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EU proposes criminalizing AI-generated child sexual abuse and deepfakes

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AI-generated imagery and other forms of deepfakes depicting child sexual abuse (CSA) could be criminalized in the European Union under plans to update existing legislation to keep pace with technology developments, the Commission announced today.

It’s also proposing to create a new criminal offense of livestreaming child sexual abuse. The possession and exchange of “pedophile manuals” would also be criminalized under the plan — which is part of a wider package of measures the EU says is intended to boost prevention of CSA, including by increasing awareness of online risks and to make it easier for victims to report crimes and obtain support (including granting them a right to financial compensation).

The proposal to update the EU’s current rules in this area, which date back to 2011, also includes changes around mandatory reporting of offenses.

Back in May 2022, the Commission presented a separate piece of CSA-related draft legislation, aiming to establish a framework that could make it obligatory for digital services to use automated technologies to detect and report existing or new child sexual abuse material (CSAM) circulating on their platforms, and identify and report grooming activity targeting kids.

The CSAM-scanning plan has proven to be highly controversial — and it continues to split lawmakers in the parliament and the Council, as well as kicking up suspicions over the Commission’s links with child safety tech lobbyists and raising other awkward questions for the EU’s executive, over a legally questionable foray into microtargeted ads to promote the proposal.

The Commission’s decision to prioritize the targeting of digital messaging platforms to tackle CSA has attracted a lot of criticism that the bloc’s lawmakers are focusing in the wrong area for combatting a complex societal problem — which may have generated some pressure for it to come with follow-on proposals. (Not that the Commission is saying that, of course; it describes today’s package as “complementary” to its earlier CSAM-scanning proposal.)

That said, even in the less than two years since the controversial private-message-scanning plan was presented, there’s been a massive uptick in attention to the risks around deepfakes and AI-generated imagery, including concerns the tech is being abused to produce CSAM and worries this synthetic content could make it even more challenging for law enforcement authorities to identify genuine victims. So the viral boom in generative AI has given lawmakers a clear incentive to revisit the rules.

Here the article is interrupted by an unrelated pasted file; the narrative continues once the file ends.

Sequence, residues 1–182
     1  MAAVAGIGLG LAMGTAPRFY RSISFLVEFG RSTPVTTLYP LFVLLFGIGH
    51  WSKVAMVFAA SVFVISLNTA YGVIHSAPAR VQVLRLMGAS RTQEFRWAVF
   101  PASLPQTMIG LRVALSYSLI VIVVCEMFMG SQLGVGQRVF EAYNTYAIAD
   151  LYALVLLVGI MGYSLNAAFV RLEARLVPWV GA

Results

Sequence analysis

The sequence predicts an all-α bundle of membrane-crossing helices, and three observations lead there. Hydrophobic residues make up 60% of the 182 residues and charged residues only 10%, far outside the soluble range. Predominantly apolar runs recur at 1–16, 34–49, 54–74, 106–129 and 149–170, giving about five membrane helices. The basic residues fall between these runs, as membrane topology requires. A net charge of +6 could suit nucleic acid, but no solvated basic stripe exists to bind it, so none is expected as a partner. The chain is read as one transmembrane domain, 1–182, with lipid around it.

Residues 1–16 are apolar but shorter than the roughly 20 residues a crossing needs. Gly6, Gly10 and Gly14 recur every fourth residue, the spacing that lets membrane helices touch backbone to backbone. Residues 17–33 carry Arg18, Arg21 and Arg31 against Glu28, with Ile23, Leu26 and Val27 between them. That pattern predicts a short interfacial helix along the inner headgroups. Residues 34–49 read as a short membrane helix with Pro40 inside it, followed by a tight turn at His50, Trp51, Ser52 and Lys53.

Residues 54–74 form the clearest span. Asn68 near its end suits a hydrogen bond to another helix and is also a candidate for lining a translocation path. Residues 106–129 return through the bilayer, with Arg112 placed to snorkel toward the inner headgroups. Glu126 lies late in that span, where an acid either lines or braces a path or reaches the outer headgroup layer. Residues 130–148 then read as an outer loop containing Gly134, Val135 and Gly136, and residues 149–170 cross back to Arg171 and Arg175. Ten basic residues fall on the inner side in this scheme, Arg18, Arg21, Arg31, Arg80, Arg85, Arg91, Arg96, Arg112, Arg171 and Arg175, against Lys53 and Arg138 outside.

“Both increased online presence of children and the technological developments create new possibilities for abuse,” the Commission suggests in a press release today. It also says the proposal aims to “reduce the pervasive impunity of online child sexual abuse and exploitation.”

An impact assessment the Commission conducted ahead of presenting the proposal identified the increased online presence of kids and the “latest technological developments” as areas that are creating new opportunities for CSA to happen. It also said it’s concerned about differences in member states’ legal frameworks holding back action to combat abuse and wants to improve the current “limited” efforts to prevent CSA and assist victims.

“Fast evolving technologies are creating new possibilities for child sexual abuse online, and raises challenges for law enforcement to investigate this extremely serious and wide spread crime,” added Ylva Johansson, commissioner for home affairs, in a supporting statement. “A strong criminal law is essential and today we are taking a key step to ensure that we have effective legal tools to rescue children and bring perpetrators to justice. We are delivering on our commitments made in the EU Strategy for a more effective fight against Child sexual abuse presented in July 2020.”

Regarding online safety risks for kids, the Commission’s proposal aims to encourage member states to step up their investment in “awareness raising.”

As with the CSAM-scanning plan, it will be up to the EU’s co-legislators, in the Parliament and Council, to determine the final shape of the proposals. And there’s limited time for talks ahead of parliamentary elections and a rebooting of the college of commissioners later this year — albeit, today’s CSA-combating proposals may prove rather less divisive than the message-scanning plan. So there could be a chance of it being adopted while the other remains stalled.

If/when there’s agreement on how to amend the current directive on combating CSA, it would enter into force 20 days after its publication in the Official Journal of the EU, per the Commission.

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